Regulation of glycolysis and the Warburg effect in wound healing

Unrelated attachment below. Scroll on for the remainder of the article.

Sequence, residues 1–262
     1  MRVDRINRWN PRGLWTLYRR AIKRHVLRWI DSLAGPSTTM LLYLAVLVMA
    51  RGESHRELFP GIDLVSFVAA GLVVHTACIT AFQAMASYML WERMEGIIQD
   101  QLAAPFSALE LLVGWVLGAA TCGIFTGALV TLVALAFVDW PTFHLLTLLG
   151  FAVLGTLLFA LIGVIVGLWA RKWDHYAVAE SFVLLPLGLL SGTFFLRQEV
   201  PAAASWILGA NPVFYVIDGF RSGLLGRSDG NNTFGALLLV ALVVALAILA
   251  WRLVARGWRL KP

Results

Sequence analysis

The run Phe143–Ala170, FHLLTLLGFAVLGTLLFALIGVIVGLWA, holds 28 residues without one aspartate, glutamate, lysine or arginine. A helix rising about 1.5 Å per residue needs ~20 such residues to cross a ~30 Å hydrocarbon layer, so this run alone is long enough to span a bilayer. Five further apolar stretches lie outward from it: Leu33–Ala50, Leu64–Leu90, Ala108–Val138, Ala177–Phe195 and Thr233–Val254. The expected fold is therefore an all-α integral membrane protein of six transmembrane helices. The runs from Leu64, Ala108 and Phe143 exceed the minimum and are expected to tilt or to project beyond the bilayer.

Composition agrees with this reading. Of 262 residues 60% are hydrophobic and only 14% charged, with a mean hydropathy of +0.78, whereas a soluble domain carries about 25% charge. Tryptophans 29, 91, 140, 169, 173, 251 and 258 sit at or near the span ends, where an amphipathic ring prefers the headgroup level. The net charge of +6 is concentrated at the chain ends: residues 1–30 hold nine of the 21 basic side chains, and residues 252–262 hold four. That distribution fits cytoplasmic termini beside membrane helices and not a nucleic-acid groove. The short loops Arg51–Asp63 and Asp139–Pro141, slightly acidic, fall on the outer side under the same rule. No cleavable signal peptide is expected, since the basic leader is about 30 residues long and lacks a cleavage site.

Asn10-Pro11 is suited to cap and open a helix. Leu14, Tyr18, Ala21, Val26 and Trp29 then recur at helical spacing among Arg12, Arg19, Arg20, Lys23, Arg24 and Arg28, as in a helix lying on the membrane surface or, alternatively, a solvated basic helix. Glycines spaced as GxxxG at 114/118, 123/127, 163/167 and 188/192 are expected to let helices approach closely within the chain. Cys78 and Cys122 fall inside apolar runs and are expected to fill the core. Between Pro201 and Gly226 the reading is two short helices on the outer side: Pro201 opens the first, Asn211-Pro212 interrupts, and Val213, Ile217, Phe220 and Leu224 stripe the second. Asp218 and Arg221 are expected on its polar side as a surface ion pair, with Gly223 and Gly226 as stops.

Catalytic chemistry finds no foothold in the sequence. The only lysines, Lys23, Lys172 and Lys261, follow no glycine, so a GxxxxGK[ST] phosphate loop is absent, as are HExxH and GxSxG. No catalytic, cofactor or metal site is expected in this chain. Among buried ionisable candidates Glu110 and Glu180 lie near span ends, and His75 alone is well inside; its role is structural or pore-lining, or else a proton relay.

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One of the most significant adverse postburn responses is abnormal scar formation, such as keloids. Despite its prolificacy, the underlying pathophysiology of keloid development is unknown. We recently demonstrated that NLRP3 inflammasome, the master regulator of inflammatory and metabolic responses (e.g., aerobic glycolysis), is essential for physiological wound healing. Therefore, burn patients who develop keloids may exhibit altered immunometabolic responses at the site of injury, which interferes with normal healing and portends keloid development. Here, we confirmed keloid NLRP3 activation (cleaved caspase-1 [P < 0.05], IL-1β [P < 0.05], IL-18 [P < 0.01]) and upregulation in Glut1 (P < 0.001) and glycolytic enzymes. Burn skin similarly displayed enhanced glycolysis and Glut1 expression (P < 0.01). However, Glut1 was significantly higher in keloid compared with nonkeloid burn patients (>2 SD above mean). Targeting aberrant glucose metabolism with shikonin, a pyruvate kinase M2 inhibitor, dampened NLRP3-mediated inflammation (cleaved caspase-1 [P < 0.05], IL-1β [P < 0.01]) and improved healing in vivo. In summary, burn skin exhibited evidence of Warburg-like metabolism, similar to keloids. Targeting this altered metabolism could change the trajectory toward normal scarring, indicating the clinical possibility of shikonin for abnormal scar prevention.
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